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Redirect FreeBSD Console To A Serial Port for KVM Virsh - How to do it

This article covers how to redirect FreeBSD in KVM to the serial port.

FreeBSD does support a dumb terminal on a serial port as a console.

This is useful for quick login or debug guest system problem without using ssh. 

1. First, login as root using ssh to your guest operating systems:

$ ssh ibmimedia@freebsd.ibmimedia.com

su -

2. Edit /boot/loader.conf, enter:

# vi /boot/loader.conf

3. Append the following entry:


4. Save and close the file. Edit /etc/ttys, enter:

# vi /etc/ttys

5. Find the line that read as follows:

ttyd0  "/usr/libexec/getty std.9600"   dialup  off secure

6. Update it as follows:

ttyd0   "/usr/libexec/getty std.9600"   vt100   on secure

7. Save and close the file. Reboot the guest, enter:

# reboot

8. After reboot, you can connect to FreeBSD guest as follows from host (first guest the list of running guest operating systems):

# virsh list

Sample outputs:

 Id Name                 State


  3 ographics            running

  4 freebsd              running

9. Now, connect to Freebsd guest, enter:

virsh console 4


virsh console freebsd

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Troubleshoot KVM Virtualization Problem

This article covers how to troubleshoot KVM virtualization problem.

Log file locations and tools used to track down #KVM #problems are:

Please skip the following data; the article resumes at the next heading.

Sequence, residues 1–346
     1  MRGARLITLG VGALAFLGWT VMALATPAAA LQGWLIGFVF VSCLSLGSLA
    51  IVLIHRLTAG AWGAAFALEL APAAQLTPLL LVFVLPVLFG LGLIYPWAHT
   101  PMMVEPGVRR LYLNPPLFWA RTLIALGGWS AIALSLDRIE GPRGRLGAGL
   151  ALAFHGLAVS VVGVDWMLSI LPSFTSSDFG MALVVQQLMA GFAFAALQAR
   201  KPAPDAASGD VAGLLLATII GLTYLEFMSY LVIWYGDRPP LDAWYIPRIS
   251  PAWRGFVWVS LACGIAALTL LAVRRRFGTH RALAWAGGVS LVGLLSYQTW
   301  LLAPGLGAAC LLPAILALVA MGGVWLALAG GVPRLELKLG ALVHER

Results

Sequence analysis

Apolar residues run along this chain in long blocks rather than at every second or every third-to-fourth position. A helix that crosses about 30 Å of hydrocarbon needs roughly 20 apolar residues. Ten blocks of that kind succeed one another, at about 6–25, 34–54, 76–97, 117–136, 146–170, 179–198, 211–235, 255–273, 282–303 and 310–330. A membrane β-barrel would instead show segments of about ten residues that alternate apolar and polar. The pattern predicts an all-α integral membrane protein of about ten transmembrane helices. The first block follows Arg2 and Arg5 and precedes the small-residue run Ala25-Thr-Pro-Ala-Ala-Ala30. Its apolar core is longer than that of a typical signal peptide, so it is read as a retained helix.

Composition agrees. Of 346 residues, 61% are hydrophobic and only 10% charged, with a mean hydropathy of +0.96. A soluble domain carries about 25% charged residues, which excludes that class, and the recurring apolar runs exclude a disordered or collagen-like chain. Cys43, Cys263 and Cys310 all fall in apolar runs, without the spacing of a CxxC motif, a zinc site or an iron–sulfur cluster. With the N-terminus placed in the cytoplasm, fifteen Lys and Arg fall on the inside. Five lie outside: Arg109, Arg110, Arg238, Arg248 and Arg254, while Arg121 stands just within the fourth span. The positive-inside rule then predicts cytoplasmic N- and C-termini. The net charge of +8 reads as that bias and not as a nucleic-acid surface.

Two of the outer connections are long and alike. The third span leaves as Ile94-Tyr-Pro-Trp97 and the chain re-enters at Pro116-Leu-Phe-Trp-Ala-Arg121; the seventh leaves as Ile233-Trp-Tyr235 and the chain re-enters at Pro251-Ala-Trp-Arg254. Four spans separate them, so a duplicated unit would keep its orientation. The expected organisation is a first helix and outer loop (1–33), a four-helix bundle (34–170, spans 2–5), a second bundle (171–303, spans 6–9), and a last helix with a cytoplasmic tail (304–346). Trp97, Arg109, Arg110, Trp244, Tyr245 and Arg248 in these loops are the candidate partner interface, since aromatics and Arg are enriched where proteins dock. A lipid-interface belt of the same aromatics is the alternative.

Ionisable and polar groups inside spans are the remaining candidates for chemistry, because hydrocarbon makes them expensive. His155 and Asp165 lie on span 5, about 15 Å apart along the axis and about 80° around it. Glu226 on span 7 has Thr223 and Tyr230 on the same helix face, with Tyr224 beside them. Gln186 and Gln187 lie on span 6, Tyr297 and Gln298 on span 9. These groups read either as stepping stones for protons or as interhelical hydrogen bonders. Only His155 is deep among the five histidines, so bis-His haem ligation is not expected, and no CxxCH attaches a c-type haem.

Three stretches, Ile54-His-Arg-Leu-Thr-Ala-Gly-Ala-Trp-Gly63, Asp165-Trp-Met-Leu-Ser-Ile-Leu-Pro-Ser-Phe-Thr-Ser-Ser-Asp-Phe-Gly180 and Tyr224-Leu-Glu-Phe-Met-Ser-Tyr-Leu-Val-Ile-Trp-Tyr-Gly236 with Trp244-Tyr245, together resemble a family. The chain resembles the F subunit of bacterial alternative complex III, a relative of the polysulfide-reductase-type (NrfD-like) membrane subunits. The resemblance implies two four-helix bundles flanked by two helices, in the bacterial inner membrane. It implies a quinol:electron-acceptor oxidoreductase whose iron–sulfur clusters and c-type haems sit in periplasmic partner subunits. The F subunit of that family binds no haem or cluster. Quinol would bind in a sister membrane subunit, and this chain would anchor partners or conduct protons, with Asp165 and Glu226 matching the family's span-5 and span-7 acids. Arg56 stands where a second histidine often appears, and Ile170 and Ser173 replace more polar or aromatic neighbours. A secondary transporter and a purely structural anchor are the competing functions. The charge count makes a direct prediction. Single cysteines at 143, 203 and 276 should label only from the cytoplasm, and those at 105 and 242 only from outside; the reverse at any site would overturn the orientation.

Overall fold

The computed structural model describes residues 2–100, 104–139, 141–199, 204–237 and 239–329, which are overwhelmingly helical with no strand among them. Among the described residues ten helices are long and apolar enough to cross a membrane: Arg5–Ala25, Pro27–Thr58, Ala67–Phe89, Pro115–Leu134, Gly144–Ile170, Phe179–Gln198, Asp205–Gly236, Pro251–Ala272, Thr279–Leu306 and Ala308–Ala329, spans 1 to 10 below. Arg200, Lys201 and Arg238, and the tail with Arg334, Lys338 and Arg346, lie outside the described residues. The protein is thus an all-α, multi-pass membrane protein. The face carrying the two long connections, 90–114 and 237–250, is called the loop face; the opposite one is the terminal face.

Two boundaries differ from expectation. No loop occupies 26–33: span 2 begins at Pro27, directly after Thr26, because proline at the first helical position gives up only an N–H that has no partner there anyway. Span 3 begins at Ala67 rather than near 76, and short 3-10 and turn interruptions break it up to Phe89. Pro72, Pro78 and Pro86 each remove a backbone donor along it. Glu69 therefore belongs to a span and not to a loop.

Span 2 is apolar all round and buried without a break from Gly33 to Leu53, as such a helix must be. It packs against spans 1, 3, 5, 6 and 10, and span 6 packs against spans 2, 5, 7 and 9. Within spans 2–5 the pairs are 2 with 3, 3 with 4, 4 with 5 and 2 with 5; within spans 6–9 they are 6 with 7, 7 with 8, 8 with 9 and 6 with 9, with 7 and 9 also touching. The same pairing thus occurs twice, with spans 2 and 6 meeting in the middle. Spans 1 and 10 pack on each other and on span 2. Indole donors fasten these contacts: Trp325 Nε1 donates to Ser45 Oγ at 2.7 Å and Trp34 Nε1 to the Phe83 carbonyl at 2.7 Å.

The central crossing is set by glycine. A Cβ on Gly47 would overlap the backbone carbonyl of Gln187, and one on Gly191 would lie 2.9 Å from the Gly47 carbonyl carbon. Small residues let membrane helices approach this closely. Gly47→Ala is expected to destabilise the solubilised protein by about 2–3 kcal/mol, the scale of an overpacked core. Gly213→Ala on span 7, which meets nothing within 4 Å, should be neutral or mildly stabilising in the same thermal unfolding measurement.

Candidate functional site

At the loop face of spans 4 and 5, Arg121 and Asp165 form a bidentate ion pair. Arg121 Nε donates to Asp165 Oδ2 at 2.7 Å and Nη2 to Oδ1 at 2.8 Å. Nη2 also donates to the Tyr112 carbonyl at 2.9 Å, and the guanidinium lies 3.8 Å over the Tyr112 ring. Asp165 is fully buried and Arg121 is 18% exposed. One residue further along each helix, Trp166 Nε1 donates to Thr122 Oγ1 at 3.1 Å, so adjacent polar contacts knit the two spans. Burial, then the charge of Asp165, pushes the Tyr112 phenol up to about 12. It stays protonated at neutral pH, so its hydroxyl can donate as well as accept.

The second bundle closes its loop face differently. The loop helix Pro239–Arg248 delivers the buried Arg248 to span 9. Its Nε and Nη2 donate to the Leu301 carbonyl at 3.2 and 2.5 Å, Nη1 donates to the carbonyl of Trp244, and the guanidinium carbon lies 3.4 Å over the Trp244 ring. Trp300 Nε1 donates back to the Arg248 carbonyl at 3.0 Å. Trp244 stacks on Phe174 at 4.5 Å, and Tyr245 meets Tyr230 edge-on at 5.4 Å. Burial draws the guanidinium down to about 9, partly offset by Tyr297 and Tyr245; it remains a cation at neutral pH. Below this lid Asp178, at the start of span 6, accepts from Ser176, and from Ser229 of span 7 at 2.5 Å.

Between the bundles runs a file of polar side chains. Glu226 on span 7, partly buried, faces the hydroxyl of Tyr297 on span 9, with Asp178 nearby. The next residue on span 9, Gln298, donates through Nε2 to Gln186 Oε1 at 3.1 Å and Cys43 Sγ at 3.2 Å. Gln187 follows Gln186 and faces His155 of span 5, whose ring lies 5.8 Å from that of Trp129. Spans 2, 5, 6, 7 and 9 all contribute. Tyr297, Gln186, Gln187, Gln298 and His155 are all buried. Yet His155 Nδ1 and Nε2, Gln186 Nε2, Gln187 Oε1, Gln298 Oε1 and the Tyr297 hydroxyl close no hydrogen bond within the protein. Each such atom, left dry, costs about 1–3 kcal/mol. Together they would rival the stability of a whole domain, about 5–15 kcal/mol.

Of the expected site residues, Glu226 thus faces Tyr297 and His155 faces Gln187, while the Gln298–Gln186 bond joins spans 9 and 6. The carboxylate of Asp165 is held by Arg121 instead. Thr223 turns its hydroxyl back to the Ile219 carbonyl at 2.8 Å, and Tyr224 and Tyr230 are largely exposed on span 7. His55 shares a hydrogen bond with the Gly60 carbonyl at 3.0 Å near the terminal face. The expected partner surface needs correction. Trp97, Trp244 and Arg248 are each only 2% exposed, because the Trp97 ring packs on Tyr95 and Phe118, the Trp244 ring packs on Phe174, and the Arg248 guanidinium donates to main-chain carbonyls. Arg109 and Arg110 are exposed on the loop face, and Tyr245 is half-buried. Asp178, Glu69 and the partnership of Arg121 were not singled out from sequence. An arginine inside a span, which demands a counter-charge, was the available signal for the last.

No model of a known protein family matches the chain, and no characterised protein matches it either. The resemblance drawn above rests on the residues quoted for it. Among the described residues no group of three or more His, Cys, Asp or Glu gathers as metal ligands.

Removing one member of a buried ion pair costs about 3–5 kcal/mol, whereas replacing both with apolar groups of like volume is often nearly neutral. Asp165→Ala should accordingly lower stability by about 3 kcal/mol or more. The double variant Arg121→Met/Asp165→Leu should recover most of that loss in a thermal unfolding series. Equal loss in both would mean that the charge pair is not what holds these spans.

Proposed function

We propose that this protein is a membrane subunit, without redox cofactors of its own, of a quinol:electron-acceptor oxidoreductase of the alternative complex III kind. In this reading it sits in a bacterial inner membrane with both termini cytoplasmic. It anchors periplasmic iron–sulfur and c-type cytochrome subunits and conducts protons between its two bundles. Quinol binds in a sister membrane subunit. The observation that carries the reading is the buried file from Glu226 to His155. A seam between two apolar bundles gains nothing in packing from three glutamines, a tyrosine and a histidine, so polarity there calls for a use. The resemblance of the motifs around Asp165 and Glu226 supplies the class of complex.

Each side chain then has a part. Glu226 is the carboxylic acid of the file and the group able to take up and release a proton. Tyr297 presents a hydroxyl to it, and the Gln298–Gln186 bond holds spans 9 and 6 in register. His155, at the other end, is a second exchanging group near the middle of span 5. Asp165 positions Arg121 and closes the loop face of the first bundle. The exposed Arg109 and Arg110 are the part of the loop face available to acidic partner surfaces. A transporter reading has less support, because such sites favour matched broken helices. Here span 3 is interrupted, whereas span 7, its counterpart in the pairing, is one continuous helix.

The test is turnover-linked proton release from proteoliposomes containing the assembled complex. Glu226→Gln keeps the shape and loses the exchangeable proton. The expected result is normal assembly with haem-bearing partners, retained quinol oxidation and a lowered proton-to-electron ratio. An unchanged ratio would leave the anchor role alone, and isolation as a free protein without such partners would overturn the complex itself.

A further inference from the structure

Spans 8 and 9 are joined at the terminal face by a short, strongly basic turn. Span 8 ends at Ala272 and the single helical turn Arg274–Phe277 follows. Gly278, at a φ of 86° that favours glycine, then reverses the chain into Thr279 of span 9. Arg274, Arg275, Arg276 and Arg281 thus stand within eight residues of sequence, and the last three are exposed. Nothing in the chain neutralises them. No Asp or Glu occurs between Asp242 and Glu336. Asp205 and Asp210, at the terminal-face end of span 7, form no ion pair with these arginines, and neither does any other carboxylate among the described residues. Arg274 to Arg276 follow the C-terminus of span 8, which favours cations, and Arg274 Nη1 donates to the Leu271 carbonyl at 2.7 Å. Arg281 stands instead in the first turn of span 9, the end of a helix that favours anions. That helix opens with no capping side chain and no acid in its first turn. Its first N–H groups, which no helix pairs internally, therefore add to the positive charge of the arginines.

1. $HOME/.virtinst/virt-install.log – virt-install tool log file.
2. $HOME/.virt-manager/virt-manager.log – virt-manager tool log file.
3. /var/log/libvirt/qemu/ – Log files for each running virtual machine. If centos is virtual machine name, than log file is /var/log/libvirt/qemu/centos.log.

You can use the grep and other Linux tools to view this files:
# tail -f /var/log/libvirt/qemu/freebsd.log
# grep something $HOME/.virtinst/virt-install.log
$ sudo tail -f /var/log/libvirt/qemu/openbsd.log

Hyper-V backups can fail for any number of reasons, but there are some things to look for when backups don’t work the way that they are supposed to.
When backups fail, the first thing that you should do is to check the backup logs in an effort to learn more about the problem.
Specifically, you need to determine if the problem is confined to a particular host, a particular virtual machine, or perhaps related to the backup target itself.

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Manage KVM guest virtual machines via virsh commands

This article will guide you on how to use to manage KVM guest virtual #machines using virsh #commands.

virsh is a command line utility for managing virsh guest domains/virtual machines and the #hypervisor.

Linux list a KVM vm guest using #virsh command.

The main command interface used to control both Solaris xVM and guest domains is the virsh command. virsh provides a generic and stable interface for controlling virtualized operating systems.

Many virsh commands act asynchronously. This means that the system prompt can return before the operation has completed.

#KVM lets you turn Linux into a hypervisor that allows a host machine to run multiple, isolated virtual environments called guests or virtual machines (VMs).

To log into VM with Virsh, simply:

1. Open a shell prompt or login using ssh. 

2. Login to a host server called server1. 

3. Use the virsh console command to log in to a running VM called 'centos7' type: virsh console centos7.

The virsh destroy #command initiates an immediate ungraceful shutdown and stops the specified guest virtual machine. 

Using virsh destroy can corrupt guest virtual machine file systems. 

Use the virsh destroy command only when the guest virtual machine is unresponsive.

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